Join us to find out how bees and beavers play a crucial role in increasing biodiversity. A fascinating conversation with Derek Gow, the ‘human wrecking ball’ of beaver conservation and Jennifer Moore, a wayward beekeeper who views life through the bees’ eyes!
(Photo credit: David Chapman)
Derek Gow is a farmer and nature conservationist. Born in Dundee in 1965, he left school when he was 17 and worked in agriculture for five years. Inspired by the writing of Gerald Durrell, all of whose books he has read – thoroughly – he jumped at the chance to manage a European wildlife park in central Scotland in the late 1990s before moving on to develop two nature centres in England. He now lives with his children, Maysie and Kyle, on a 300-acre farm on the Devon/Cornwall border which he is in the process of rewilding. Derek has played a significant role in the reintroduction of the Eurasian beaver, the water vole and the white stork in England. He is currently working on a reintroduction project for the wildcat.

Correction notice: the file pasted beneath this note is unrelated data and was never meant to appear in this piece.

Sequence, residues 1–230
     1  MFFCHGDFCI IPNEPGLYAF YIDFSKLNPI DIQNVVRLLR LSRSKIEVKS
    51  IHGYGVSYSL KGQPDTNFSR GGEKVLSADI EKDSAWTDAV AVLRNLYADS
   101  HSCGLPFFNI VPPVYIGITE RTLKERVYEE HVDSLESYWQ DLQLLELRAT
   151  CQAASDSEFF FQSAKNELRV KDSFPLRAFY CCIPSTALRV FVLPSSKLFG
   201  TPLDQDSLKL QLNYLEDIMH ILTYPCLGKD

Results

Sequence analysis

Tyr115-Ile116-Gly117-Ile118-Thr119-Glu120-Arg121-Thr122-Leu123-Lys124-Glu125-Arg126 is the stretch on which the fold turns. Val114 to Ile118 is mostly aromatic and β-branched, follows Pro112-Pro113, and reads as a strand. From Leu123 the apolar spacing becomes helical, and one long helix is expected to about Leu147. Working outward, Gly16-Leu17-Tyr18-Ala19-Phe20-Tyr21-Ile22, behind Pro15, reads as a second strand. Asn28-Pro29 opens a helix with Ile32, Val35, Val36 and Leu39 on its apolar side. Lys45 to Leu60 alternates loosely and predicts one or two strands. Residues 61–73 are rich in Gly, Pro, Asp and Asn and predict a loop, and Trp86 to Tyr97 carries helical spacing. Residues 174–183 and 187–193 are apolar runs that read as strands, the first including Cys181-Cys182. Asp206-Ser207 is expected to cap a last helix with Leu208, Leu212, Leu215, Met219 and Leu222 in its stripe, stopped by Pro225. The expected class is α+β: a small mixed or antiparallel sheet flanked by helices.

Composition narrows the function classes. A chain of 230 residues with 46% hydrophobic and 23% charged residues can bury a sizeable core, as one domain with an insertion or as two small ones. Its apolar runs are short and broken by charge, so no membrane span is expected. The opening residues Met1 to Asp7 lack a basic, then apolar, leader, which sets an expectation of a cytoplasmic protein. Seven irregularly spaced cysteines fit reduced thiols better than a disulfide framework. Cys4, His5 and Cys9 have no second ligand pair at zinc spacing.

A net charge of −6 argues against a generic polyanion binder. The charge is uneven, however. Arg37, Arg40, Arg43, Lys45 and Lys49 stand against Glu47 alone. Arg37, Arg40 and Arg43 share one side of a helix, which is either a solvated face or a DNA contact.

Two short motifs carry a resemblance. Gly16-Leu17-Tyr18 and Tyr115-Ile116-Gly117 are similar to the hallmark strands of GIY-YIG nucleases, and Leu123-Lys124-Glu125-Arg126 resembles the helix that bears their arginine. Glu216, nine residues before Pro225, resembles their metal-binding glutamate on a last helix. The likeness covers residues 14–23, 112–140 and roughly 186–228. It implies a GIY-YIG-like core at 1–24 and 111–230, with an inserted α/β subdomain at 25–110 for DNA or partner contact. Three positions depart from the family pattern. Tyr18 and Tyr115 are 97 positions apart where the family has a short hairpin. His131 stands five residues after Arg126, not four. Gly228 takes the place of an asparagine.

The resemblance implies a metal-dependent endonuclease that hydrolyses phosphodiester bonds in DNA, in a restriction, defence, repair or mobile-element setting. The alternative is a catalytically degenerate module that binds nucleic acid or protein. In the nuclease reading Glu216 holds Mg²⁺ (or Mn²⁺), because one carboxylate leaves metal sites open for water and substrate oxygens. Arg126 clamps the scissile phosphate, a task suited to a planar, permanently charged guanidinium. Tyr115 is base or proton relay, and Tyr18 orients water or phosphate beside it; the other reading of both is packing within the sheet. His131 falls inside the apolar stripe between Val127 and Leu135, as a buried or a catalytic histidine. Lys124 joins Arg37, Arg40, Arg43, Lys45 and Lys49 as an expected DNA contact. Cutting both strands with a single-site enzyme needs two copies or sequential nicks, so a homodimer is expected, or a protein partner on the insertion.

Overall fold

For more, visit Derek’s website here
Jennifer Moore has a background in agriculture, natural history, ecology and education and has been keeping bees and chickens in rural East Sussex since 2009. she runs a small business – Wayward Bee – based around sustainable beekeeping from her farm cottage.
Jennifer is also a keen artist, photographer, writer and gardener, and her bee hives and hens have featured in a number of magazines and promotional articles.
For more, visit the Wayward Bee website here